Use of carbon fibre and other composites is transforming how Airbus and others design and build planes. But handling carbon waste is a business in itself!
Carbon fibre is a revolutionary material, that is transforming industries well beyond aviation. Automotive and other applications calling for something light and strong, all find the material attractive. Carbon can take the shape of just about anything – much easier than sheets of aluminium or steel. But their material properties aside, carbon fibre composites require a fundamental change in Airbus’ supply chain.
With aluminium and other metals, machining shavings or sheet offcuts simply go back to the subcontractors providing these metals. They then remelt these cuts into new metal stock, and the cycle continues. It’s a straightforward process, that has been ongoing for over a century. But it doesn’t work for Airbus, when it comes to carbon fibre waste.
Carbon Fibre Vs Metal For Airbus
Sending metal shavings back for remelting, is basically ‘recycling’: the metal waste goes back, to become useful metal once again. Putting carbon cloth to other uses is ‘upcycling’: the material doesn’t return to its maker. That’s simply because it isn’t possible (or practical) to turn it to new carbon fibre cloth and send it back to Airbus again.
Suppliers often make carbon fibre cloth in sheets, with dimensions that the customer – in this case Airbus – specifies. Airbus or its subcontractors, will then layer the material in moulds, trimming any excess. Sometimes Airbus itself weaves the part, but this often involves trimming, too. These trimmed pieces are usually long, thin strips of material. Some could come in handy elsewhere in aircraft part construction, but a lot of them won’t. So, finding somebody that would find these long, thin strips of carbon cloth useful, is… handy!
This is where we come to “Petit Breton” and its founder, Robin Cojean. In 2013, he was doing an engineering internship with Airbus in Nantes, at the composite repair workshop. He recounts seeing a lot of carbon fibre offcuts, going to waste at that workshop. He already had the idea of producing carbon fibre bicycles in Nantes, and using Airbus off-cuts, was an intriguing prospect!
Carbon In Cycling
Even before Airbus and Boeing could incorporate carbon fibre on their aircraft, the stuff found its way on bicycles. Companies make bikes today from aluminium, titanium, carbon composites or steel. Yes, steel is still a popular choice for bicycles, and not just for the cheap ones, either. If you’re curious, do a web search for “bicycle steel is real”. Discussions on which material suits cycling the best, can take a really long time…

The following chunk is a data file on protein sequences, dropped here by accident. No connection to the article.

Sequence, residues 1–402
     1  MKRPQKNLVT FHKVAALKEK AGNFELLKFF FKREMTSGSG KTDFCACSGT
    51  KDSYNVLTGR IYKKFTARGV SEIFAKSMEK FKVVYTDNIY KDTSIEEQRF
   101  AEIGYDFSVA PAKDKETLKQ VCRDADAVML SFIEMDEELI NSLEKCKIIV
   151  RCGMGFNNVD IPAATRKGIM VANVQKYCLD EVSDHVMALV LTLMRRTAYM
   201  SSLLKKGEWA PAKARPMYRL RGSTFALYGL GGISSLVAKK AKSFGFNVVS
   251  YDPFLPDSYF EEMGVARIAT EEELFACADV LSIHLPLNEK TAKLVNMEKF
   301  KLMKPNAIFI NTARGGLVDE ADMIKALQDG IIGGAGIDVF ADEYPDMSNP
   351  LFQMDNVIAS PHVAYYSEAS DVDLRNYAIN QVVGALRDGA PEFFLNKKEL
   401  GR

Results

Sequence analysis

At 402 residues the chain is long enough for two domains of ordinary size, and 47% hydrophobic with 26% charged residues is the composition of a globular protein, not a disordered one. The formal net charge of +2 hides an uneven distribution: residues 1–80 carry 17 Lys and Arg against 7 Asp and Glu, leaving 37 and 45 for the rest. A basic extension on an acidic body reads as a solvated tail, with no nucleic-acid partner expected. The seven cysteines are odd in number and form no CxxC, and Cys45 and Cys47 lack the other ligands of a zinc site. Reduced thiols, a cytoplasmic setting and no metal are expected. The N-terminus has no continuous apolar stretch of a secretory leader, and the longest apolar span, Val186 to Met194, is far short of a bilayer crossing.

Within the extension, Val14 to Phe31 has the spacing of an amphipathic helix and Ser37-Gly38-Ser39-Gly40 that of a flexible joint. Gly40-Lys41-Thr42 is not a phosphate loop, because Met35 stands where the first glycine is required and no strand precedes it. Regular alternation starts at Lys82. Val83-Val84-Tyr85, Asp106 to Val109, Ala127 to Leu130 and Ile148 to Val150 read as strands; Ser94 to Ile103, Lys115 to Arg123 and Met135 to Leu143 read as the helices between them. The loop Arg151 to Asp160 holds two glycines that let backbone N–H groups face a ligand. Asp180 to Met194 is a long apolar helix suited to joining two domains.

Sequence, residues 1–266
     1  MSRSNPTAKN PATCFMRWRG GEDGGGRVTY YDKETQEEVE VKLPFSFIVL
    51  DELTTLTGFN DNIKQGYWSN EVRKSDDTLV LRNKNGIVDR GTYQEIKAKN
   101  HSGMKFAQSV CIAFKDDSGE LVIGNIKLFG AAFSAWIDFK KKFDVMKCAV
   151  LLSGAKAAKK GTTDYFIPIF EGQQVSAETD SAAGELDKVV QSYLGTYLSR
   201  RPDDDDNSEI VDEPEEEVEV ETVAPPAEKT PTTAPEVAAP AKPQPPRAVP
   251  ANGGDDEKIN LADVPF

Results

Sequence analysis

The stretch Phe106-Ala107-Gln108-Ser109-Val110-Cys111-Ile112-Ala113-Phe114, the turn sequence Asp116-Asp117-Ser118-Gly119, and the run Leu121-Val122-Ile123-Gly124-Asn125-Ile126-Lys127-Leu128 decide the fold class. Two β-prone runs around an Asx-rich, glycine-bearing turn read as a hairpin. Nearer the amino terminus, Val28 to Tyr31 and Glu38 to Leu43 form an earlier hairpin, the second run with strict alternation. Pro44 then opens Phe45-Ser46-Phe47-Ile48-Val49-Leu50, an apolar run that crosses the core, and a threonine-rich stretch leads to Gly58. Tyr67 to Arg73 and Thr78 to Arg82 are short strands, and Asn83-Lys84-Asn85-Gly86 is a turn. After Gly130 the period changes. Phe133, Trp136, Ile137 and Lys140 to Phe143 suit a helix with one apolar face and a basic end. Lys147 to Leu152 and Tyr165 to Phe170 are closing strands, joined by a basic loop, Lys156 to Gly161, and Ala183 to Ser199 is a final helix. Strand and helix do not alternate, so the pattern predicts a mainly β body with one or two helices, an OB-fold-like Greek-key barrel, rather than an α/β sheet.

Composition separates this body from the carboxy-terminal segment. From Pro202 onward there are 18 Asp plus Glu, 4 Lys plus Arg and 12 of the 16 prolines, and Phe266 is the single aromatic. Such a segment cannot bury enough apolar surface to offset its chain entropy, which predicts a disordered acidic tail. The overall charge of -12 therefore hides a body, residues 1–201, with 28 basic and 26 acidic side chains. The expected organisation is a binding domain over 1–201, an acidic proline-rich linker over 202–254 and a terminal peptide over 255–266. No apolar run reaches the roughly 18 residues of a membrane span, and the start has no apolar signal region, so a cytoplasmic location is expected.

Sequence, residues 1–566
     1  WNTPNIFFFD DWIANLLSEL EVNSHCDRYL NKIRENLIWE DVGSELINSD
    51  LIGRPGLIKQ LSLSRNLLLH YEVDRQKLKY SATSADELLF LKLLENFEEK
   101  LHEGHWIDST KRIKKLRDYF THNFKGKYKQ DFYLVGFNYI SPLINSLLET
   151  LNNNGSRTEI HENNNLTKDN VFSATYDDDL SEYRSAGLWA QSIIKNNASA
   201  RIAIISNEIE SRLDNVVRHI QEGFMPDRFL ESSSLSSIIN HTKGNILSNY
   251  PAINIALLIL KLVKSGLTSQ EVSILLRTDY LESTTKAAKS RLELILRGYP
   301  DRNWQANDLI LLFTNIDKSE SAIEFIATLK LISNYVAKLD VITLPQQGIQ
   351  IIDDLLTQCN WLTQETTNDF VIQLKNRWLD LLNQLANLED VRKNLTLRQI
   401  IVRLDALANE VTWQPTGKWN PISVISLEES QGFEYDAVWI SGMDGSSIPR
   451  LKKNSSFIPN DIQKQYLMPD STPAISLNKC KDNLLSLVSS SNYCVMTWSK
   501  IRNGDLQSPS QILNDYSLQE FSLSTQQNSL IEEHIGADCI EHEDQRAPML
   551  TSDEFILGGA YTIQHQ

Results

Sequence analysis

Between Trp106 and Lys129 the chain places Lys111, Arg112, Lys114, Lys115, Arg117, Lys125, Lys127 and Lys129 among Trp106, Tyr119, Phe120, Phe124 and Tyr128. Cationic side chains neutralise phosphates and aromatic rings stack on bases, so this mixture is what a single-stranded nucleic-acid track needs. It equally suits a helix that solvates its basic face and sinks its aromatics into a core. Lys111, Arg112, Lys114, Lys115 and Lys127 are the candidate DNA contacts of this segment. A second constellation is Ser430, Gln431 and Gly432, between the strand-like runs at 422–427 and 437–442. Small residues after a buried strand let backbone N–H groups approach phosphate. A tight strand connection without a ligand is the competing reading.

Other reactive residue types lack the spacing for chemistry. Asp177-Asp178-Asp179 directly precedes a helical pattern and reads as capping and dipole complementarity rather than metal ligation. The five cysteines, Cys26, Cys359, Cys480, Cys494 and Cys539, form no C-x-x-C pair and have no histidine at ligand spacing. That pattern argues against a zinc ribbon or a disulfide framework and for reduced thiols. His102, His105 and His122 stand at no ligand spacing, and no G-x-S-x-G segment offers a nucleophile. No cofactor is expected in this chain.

Aluminium is lightweight, but doesn’t have as much tensile strength as steel. Carbon fibre is attractive to Airbus and other aerospace/automotive users, because it shares many of steel’s properties. It’s strong in tension, and it even works well as a spring, for non-rigid applications. And of course it’s very light. The same qualities that make it great in aviation, also make it attractive for cycling.
Robin Cojean spent five years working as an aeronautical engineer. Afterwards, he got to scratch that bicycle itch that predated his time at Airbus. The name “Petit Breton” came from legendary Tour de France winner Lucien Mazan, whose nickname this was. Cojean started out by sourcing materials locally. The idea to work with Airbus, using carbon fibre and other composite offcuts, came in 2020.
More Airbus Ways To Re-Use Carbon Fibre
As it turned out, Airbus had already been on the look-out for possible recycling/upcycling applications for its carbon fibre waste. This included a “Re-use Carbon” project within the Technocentre at their Nantes site, in partnership with smaller companies. From Airbus’ point of view, it’s a way to streamline efficiency, and effectively reduce costs.
David Merle, Airbus Procurement Manager and Nicolas Fordos, Technocentre Project Manager, explain:
“We have produced design objects, prosthesis and even surfboards. Every year we find new prospects for different sectors and we are currently exploring opportunities for small-scale production of aircraft parts within Airbus. We are convinced that it is possible in the long term to revalue all of our carbon waste by giving it a second life.“
Airbus worked with Robin Cojean on different parts of the bike, and different carbon fibre waste materials. They worked with carbon cloth and cured carbon sheets. The mould and part that we see in this picture (below), appears to be a pair of seat stays. These are the tubes going from the centre of the rear wheel, up towards the saddle.
The first part-Airbus carbon fibre Petit-Breton bike, should be ready this June. In reality, such ideas are not new. Many ways to put such composite offcuts to use go unnoticed, because they involve subcontractors, instead of Airbus – or Boeing. But with carbon composites becoming an ever-bigger part of aviation manufacturing, we expect to hear of more such initiatives in future!